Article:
2. Remove the pork from the cooker and remove the flesh from the bones. The pork is cooked on the bone to increase the flavour and improve the flavour and taste of the pork. Place the pork in a bowl and mix with the mayo. Add a bit of the cooking liquid if necessary to make it easy to mix the contents of the bowl. Set aside.
  3. Finely chop the onion, tomato and green pepper; break the eggs into a bowl and add the chopped onion, green pepper and half the chopped tomato. Beat and fry the omelet on a hot pan ensuring that the egg does not brown. Flip and cook the other side.
  4. Place the chapati on a clean plate or board and place cooked egg over the chapati. Spoon the pork mix over the egg and sprinkle with the remaining raw tomato aka nyanya mbisi. Roll up tightly and slice the porlex diagonally in half and place on a clean white plate.
  5. Lock your door and turn off your phone. Call your ex and tell them the story after you have eaten. Jealousy will bring him or her back into your arms if only for a taste of the porlex.
You want Nyanya mbiisi on the side, well you can.
Photo credit: Nze Eve

Introducing Chicken Katogo

Katogo was invented as an all in one pot meal. Katogo was primarily made from either matooke or cassava as a starch base and beans or groundnut paste as the protein-based stew. It was the poor man’s solution after a long day in the garden. The perfect medley.

As times changed and appeal for katogo increased, meats, offals, and vegetables substituted beans and the ground nuts. I have even been served Katogo with pork and it was delish.
Because of the view that Katogo is a meal for the poor, chicken is considered a no-go when it comes to the making of Katogo. We do not see it that way!
We are taking it higher!! Introducing chicken katogo.
We have substituted the beans with chicken and created a dish fit for royalty.

The New #KoikoiDelicacy Chicken Katongo
photo credit: Nze Eve

Here is the recipe:

Summary – The chicken is let to simmer in a pan with carrots and leeks for 30 minutes; then set aside to cool. The matooke is boiled in this stock for 20 minutes until just cooked. The chicken is pan seared to a crisp golden brown and served with the matooke and a consume from the stock and host of seasonal vegetable.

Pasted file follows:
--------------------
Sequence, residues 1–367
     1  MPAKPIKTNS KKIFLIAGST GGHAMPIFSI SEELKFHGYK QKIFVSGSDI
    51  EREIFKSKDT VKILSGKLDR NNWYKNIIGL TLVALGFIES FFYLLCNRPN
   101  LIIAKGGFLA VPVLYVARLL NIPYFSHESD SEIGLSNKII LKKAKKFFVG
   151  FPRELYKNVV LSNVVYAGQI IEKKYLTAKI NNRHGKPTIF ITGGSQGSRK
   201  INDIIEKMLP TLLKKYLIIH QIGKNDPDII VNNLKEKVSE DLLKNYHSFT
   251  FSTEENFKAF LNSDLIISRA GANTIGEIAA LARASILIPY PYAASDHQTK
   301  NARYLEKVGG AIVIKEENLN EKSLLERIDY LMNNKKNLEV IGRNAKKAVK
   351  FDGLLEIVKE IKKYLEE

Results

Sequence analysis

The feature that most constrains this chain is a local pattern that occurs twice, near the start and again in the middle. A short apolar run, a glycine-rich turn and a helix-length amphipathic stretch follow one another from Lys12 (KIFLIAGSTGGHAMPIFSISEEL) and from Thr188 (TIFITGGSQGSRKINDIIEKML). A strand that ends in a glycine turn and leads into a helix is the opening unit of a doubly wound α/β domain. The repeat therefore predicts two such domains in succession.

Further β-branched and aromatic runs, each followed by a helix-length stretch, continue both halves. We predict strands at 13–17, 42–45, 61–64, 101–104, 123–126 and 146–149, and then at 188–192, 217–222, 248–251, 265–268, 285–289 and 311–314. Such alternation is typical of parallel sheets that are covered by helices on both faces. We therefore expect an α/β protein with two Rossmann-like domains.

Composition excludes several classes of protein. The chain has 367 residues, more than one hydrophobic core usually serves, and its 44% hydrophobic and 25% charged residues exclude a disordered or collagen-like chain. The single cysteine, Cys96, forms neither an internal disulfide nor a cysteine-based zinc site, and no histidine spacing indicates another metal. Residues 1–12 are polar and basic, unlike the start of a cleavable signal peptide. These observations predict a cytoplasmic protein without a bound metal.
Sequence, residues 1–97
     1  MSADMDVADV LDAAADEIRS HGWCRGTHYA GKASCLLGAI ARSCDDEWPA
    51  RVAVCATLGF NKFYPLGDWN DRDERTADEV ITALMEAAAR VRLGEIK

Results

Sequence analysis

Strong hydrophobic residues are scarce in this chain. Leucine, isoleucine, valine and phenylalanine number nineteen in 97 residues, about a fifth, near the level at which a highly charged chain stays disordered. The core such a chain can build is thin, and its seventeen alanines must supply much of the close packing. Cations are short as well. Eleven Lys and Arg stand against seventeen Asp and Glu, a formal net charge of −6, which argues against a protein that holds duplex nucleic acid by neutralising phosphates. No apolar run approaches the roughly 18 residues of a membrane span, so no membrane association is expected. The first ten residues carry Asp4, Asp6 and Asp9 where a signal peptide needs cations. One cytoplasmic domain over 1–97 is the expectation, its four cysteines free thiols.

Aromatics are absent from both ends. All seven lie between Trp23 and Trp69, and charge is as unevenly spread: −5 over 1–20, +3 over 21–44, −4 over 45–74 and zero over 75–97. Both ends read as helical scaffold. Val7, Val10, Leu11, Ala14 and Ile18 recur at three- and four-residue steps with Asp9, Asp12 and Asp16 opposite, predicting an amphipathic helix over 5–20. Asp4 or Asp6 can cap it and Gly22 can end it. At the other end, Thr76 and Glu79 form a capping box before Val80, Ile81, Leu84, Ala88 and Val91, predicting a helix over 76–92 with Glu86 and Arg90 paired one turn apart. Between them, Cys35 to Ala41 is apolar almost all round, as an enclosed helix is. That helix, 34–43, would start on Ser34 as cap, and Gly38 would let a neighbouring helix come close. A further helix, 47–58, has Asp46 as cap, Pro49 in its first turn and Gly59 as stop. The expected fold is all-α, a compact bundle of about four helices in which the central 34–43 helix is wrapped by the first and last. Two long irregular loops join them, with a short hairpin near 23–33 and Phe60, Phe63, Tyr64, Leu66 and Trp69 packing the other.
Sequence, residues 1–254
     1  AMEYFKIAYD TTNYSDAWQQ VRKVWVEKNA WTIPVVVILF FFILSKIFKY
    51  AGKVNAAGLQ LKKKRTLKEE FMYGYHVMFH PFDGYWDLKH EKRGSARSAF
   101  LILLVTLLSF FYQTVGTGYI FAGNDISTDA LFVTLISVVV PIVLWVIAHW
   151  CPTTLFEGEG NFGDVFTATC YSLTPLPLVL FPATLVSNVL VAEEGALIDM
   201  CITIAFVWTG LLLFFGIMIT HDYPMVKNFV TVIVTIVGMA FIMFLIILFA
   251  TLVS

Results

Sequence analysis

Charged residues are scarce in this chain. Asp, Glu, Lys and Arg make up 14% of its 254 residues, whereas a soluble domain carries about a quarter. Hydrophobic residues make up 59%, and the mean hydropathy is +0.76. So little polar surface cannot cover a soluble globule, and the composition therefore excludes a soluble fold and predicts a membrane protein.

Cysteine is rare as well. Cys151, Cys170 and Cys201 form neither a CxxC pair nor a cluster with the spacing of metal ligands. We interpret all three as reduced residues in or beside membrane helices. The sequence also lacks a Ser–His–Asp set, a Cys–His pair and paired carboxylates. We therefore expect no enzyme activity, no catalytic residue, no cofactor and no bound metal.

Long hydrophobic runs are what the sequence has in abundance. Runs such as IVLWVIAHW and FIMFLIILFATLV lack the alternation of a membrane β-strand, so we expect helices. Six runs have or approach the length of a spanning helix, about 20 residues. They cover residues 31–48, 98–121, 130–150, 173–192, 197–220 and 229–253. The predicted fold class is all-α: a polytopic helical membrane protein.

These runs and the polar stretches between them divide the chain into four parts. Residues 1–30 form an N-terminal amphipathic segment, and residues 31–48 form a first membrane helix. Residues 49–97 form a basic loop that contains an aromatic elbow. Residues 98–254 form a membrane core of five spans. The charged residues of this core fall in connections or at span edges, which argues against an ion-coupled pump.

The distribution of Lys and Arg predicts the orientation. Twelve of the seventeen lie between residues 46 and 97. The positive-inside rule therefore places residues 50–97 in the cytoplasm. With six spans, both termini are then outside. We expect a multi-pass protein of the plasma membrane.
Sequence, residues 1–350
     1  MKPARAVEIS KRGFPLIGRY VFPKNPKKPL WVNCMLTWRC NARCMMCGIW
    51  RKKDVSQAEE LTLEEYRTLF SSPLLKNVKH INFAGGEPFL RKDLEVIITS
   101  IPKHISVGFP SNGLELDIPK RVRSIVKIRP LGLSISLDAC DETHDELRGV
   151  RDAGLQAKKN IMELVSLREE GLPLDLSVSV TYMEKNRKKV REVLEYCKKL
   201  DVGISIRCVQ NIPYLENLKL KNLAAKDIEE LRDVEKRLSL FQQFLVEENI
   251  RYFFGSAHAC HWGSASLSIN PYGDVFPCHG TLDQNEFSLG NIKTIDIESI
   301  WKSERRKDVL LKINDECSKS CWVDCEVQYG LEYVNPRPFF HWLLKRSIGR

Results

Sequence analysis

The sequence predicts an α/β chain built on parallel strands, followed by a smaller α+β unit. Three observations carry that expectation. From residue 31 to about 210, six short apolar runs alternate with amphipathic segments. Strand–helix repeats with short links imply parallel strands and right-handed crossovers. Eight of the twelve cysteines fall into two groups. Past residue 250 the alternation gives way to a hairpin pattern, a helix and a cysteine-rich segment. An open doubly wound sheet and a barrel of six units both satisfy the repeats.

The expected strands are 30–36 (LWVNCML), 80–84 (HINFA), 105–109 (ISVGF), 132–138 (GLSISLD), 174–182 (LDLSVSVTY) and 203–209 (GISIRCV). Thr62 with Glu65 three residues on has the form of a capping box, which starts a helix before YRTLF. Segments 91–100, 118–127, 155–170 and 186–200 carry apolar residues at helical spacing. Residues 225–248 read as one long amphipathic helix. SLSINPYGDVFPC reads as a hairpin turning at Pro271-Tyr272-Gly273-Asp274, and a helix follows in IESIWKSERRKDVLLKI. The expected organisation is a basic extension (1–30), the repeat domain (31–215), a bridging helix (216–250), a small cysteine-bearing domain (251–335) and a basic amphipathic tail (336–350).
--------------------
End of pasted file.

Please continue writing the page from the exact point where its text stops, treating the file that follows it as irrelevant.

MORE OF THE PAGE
Full details; 

Ingredients

4 drumsticks
8 fingers matooke
1 large onion
3 tomatoes
1 green pepper
2 clove garlic
2 tablespoons oil
Salt and pepper

Method

Place the chicken in a pan with the 1 teaspoon salt, garlic, onion and tomatoes, all finely chopped and cooked covered for 15 minutes; stirring frequently to keep the contents from sticking to the bottom of the pan
The chicken should have turned whitish by this point. Remove it and place it on a plate and put the matooke into the pan and add water to cover the matooke. Cook over medium heat to cook and leave to simmer for 20 minutes until just cooked but not mushy. Remove the cover from the pan and allow the cooking liquid to reduce
On a clean skillet or pan, add a tablespoon of oil and leave to heat up. Add a teaspoon of chopped garlic and fry til tender. Add chicken to the pan and cook until evenly browned
Serve the matooke and chicken with a garnish of chopped tomatoes and green pepper. Add the cooking liquid to coat the matooke and chicken.
Lick the plate when done

People Embracing Phone Photography In Uganda.

Most of us keep our phones with us almost all the time. They have become an extension of us. Our clocks, our planners, our mirrors, our doctors and the keepers of our most intimate thoughts. Of recent because of our constant dependence on our phones, they have been receiving a lot of negative publicity or is that social media. Anyway, despite the flack, phones have also come with the liberalization of Photography.This, coupled with a million and one editing apps, and the ability to self-publish with the emergence of social media networks and affordable data like Airtel data blast, phone photography is on the rise in this generation. And because of the advancement in the camera technology packed in our phones, pro photographers can no longer look down on people taking pictures with their phones. For many, they have even started to refer to them as their second camera. Phone photography has become an art form of its own.

Recently, we asked different phone photographers to share with us their best shots in a questionnaire thread we did on our Kafunda Kreatives Twitter account, the responses and the pictures were both overwhelming! We have put most of these shots in this article to; showcase these people’s craft, to inspire many other emerging phone photographers, and perhaps learn a few things from each other.

In no particular order we give you;

Angella Atwine a Journalism and Communication Student, phone Photography started for her when she didn’t own a camera then yet she wanted to shoot, she decided to try the phone camera out and it worked. She is a multitasking beast who loves doing so much and like to live.

Angella‘s Submission

“I believe and know phone photography can take you places.”

Amanyire Innocent aka Ninno Jack Jr. a Graphics Designer and Photographer,  Initially he could not afford a DSLR camera, he had to maximize with what he had, the phone. Currently, he is working his way up with a $1000 Nikon Camera.

Ninno Jr.’s Submission

“Learn, learn with whatever resource is available, if you are passionate about photography, your skills will be noticeable on a $100 phone then work your way up to a $6000 camera.”